And it’s like, it’s a good idea. But I feel like there’s some serious limitations with what you can do with diet if you’re living in a lifestyle like this. I know your first book was heavily based on paleo, what are your thoughts on that?
Dr. Marc Bubbs: Yeah, I mean, it’s funny we talked about…So Tim Spector is at King’s College in London, he was one of the individuals who went over to live with the Hadza and Jeff Leech is the American fellow.
And yeah, they went over there, they measured their microbiome diversity—Tim did, before he went, and then he went to the Hadza and it increased dramatically, and then it goes back to London and within three days, it’s back to where it was before.
And so, we don’t necessarily need to shoot for these hunter-gatherer tribes, because naturally, with our exposure to all the things in their environments, even without a very diverse diet, because they kind of eat the same stuff, more or less, but relatively diverse to Western, we can’t compare ourselves to them, but even within Western populations, we see the more gut diversity, the better
And maybe a great example is when I talked with Dr. Lauren Pearson, who’s an expert in the gut, she does work with endurance athletes, and they’ve measured their guts after taking a broad spectrum antibiotic. So, you get sick, hopefully not too intensely, but you might want to take antibiotics. Some people do that a little bit too early.
But what she found was that the individuals who had a good diet, after they took that antibiotic, two weeks later, all that gut diversity was back because the antibiotic eradicates 95% of diversity. But here’s where things get really problematic: is that the individuals in the study who were not eating healthily, right, fast food diet, overweight, one year later, they still had 95% eradication of all that good bacteria in their gut, just from that one round of antibiotics.
And so, the take home message here is that, yeah, we do need to keep eating more real food, and try to keep it diverse. And the stat that really highlights this to me is that, in the US and Canada in the UK, over 50% of all the food that we eat is ultra-processed, right? It comes in boxes and bags and packages. And when you go around the Mediterranean, we always hear this Mediterranean diet is kind of the gold standard in medicine as the sort of “healthy diet.”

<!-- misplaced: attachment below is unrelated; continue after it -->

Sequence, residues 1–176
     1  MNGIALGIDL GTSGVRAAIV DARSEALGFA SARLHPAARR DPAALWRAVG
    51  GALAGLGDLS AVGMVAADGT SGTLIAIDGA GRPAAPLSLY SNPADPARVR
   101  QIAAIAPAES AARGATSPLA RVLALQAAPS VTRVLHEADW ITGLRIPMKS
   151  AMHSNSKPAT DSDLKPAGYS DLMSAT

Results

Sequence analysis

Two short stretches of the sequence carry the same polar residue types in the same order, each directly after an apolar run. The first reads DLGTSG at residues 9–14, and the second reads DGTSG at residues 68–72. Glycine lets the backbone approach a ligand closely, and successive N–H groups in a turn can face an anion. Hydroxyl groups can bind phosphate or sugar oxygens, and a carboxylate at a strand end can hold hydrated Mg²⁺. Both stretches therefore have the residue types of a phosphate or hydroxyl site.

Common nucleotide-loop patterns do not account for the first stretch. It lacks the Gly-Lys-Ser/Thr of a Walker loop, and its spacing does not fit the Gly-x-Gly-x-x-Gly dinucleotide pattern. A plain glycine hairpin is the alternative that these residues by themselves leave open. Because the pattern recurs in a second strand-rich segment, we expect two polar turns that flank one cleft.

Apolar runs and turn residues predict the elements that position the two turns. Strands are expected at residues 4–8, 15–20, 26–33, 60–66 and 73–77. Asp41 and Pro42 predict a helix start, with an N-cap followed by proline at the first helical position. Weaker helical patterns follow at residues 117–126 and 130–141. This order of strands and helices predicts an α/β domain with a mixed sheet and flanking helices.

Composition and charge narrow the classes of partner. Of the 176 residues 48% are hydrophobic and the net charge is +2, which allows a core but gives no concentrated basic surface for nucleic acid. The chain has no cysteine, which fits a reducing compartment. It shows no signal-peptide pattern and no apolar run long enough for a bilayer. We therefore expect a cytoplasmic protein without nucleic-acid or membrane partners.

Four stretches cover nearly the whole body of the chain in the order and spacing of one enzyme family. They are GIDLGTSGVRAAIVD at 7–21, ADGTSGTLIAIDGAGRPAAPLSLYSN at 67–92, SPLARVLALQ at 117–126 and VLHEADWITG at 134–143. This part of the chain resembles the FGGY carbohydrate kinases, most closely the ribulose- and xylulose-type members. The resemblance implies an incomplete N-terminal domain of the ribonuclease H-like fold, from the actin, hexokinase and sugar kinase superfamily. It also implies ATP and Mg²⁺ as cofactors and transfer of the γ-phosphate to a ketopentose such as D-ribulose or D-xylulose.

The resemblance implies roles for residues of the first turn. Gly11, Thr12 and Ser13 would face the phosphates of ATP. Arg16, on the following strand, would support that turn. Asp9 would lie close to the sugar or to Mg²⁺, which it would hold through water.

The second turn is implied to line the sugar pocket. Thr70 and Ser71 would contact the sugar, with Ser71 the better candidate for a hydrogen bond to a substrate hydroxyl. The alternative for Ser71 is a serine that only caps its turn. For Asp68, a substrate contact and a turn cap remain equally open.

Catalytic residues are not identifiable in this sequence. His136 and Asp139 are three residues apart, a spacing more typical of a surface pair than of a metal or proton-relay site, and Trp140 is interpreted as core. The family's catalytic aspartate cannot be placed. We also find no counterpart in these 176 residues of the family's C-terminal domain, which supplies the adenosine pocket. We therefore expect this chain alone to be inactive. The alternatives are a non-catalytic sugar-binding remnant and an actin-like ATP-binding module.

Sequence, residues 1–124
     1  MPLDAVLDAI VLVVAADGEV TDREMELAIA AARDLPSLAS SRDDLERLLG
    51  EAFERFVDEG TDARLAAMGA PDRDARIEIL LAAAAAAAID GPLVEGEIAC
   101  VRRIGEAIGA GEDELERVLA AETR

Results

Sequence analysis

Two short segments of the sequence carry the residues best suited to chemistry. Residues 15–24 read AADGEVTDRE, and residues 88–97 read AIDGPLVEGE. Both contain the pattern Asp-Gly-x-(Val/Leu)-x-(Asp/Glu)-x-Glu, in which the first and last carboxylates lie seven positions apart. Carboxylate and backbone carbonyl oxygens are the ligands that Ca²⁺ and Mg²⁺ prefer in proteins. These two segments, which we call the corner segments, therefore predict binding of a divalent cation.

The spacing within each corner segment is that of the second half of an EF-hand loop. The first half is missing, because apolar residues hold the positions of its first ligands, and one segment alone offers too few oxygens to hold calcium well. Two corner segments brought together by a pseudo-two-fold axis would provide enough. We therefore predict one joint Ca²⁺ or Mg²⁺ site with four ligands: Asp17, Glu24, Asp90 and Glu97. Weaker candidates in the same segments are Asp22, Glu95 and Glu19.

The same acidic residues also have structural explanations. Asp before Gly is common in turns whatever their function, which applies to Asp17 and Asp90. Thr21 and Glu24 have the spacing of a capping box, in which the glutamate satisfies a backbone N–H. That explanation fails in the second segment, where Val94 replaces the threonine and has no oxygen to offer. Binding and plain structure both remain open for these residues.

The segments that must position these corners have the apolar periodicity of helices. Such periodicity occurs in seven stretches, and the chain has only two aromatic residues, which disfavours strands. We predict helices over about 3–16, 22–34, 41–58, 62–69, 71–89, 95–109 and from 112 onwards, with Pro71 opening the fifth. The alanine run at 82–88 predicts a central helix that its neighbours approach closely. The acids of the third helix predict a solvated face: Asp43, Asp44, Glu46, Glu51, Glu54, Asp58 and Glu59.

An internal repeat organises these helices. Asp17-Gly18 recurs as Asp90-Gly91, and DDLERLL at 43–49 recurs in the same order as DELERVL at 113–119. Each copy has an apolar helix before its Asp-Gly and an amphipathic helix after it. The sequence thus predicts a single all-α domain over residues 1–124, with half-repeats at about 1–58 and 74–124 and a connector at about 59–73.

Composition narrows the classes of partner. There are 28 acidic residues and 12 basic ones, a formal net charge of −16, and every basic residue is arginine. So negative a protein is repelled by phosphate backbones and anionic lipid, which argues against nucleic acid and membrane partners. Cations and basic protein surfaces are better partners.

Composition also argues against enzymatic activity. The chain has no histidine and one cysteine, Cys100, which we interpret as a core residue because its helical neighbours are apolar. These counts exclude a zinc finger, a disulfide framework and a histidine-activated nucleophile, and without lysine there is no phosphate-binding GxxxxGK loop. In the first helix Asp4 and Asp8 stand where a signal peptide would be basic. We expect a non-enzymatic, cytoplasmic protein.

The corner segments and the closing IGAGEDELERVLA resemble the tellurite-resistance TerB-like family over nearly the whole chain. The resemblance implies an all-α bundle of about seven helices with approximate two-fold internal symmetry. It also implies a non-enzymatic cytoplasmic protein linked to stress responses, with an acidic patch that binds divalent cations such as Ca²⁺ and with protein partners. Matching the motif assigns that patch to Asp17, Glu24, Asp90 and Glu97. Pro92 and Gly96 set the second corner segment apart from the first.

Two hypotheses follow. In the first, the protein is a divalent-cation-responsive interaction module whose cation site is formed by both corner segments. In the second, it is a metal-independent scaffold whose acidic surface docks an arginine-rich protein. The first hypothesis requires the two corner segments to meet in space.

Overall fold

And you go from London to Paris, it only takes two hours. And in France, it’s 14% of household spending. Down from 50. In America, Canada, UK is on ultra-processed food. 13% in Italy, 10% In Portugal, 14% in Greece, these folks are just eating more real food, right? And so, that’s a great way for us to start, is to say, okay, let’s just get mor…And nowadays, it’s easier, right? There’s a lot of places where you can buy the boxes, ready-made meals that are healthy.
But again, those are the kind of the fundamentals. We can start with that, we can start with the exercise piece, we can create that diversity, which does help on the immune side. Because if you’re constantly rundown, tired, scratchy throat, as an executive, you can’t perform your best when you’re at work every day, you can’t think is clearly, it’s going to hold you back. And if you’re an athlete, you know, we know now that, British Sport Medicine Journal, that elite performance is incompatible with this frequent illness.
So, whether we’re trying to perform with our extracurricular in our gym stuff, whether it’s the work, office, or even at home, we’ve got to keep you healthy enough to maintain that resilience so you don’t get tired and rundown and these types of things.
Ted Ryce: Yeah, it’s interesting. I love that analogy. And we talked about it before—a lot of people don’t like it, but what it comes down to is managing your stress so that your performance remains high for whatever it is you’re trying to achieve, whether it’s a gold medal in the Olympics, or to have your business have its IPO, or whatever it is, to sell, to exit your business or just to make more money, whatever it is. And in athlete culture at how some— I don’t know about Olympic athletes, but professional athletes are not sometimes the most healthiest people, right?
Dr. Marc Bubbs: Well, that’s what I mean, they struggle from the same problems. I get guys in the NBA, breakfast is a problem for them, too. Might be a problem for one of our clients. And so, there is these parallels that help us to relate, right? Because yeah, they’re not all doing everything to a tee, for sure.